Monday, September 10, 2012

The Inherent Problem With Book Reviews

I have always laughed when people talk about reviews of books. What I hear is not unlike the same comments I have heard at the end of courses in college when instructors conduct course evaluations. When we get favorable comments, we run around telling the world how amazing we are, and yet, when we get bad evaluations, the problem now lies on the shoulders of the people doing the critiques. While it might be true that you had some "idiot" writing your book review, it might also be true that the reader did indeed know what they were talking about and your book really was a big piece of garbage.

In publishing, I firmly believe authors pay too much attention to those book reviews. Yes, it is always great to hear someone say you are amazing, I have always found it interesting that the majority of readers out there are not in their book store with a copy of ROMANTIC TIMES in front of them only picking the books that received a 4 or 5 star review. Readers tend to stick to their favorite authors and have their own reasons for reading books.

Today, however, I want to talk about many of the real problems with book reviews.
Authors have followings who make sure the reviews are always good This has been an increasing trend out there lately. An author will gather up their personal troops to invade the review sites with amazing and glowing comments about the author. This is not to say they didn't like the writing. This is simply to say they give their glowing comments, not necessarily because of the book, but because it is a good friend. Can you say biased? Sure. But this is really an issue of stacking the deck in favor of the author. Therefore, we have to consider any of those comments truly with a grain of salt.

Reviewers are critiquing books they would never read in the first place This one happened to an author friend of mine. She received a review on one of the Internet book stores that gave the book less than favorable comments. Here was the problem though. This author openly claimed they NEVER read this type of book. And yet, the comment was that the reader made a big deal about how they would never even consider reading this author ever again. Ummmm, remember the first comment about not reading this type of writing? The comment here was really coming from someone who might not have been the right person to make the comment.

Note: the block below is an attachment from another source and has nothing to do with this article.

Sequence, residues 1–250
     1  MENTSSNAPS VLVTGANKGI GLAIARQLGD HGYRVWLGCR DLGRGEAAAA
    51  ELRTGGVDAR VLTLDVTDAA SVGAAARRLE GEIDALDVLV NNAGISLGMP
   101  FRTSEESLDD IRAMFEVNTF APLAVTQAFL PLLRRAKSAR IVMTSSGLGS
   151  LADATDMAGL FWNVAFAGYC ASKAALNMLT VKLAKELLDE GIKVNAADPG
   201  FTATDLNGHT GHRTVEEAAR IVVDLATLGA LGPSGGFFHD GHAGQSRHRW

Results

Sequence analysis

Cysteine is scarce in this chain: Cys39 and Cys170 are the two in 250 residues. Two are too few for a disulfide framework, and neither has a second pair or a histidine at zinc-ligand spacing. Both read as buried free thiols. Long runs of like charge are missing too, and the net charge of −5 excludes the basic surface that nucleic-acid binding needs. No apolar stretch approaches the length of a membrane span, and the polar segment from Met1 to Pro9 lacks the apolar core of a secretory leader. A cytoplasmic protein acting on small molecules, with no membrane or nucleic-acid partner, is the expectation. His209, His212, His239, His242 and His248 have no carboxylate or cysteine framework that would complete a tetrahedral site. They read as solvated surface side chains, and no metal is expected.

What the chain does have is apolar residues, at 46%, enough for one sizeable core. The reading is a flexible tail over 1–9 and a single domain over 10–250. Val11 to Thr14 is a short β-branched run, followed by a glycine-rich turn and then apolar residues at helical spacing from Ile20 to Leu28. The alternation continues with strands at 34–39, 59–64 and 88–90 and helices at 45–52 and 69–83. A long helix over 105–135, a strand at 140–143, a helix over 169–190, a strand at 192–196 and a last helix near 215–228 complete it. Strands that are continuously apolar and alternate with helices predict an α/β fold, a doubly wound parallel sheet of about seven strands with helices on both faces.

The author's reputation earns the great review, not the book This idea is one of the reasons why I have been arguing for a complete over-haul of the RITA Award in the RWA. When that box of books shows up for the judge, they are already making decisions on the books they like because of the author. "Awesome, I get to read [insert famous author]'s book." And then there is the reverse of it. "Oh, I have to read this book from this publisher. You know, they only produce average books." Really? Without even opening the book, the reviews have already begun.

Don't get me wrong here. Bad reviews suck. But I do have to say, I do feel that a reviewer might have done the right thing when he or she gives a bad review to a famous author. This person, potentially, had the nerve to say this piece of writing really was bad, regardless of who the author is.

...and the biggest reason....

There is no criteria other than I like it or I hate it To be truly fair with judging books, the same criteria has to be applied to each and every book you read and review. You can't judge character on one and skip the plot, and then go to the plot for another one and skip the characters. There has to be consistency for every critique and review. A lack of established criteria is simply not going to result in quality comments.

This is simply a subjective business  Look, every book isn't right for everyone. That level of subjectivity is certainly going to play a major role in all of this. Not much more to say here.

So, what is the point of this ramble? The answer is simple.

As authors, we have to stop and really consider the truth behind all of these critiques. This is simply one person's comments that may or may not be accurate. In the end, it will all come back to the readers who buy your books. What they think matters and not what that random reviewer says out there about the books.

Consider this, 50 Shades has sold a lot of books, but that doesn't mean the reviewers liked the books. Editors, agents and reviewers have made a lot of comments about the quality of the writing. And yet it didn't stop people from buying the books!

In the end, authors have to be clear in their head about what those reviews are saying. But they also need to listen to those reviews. Remember, just because the review is bad doesn't mean that person was off the mark.


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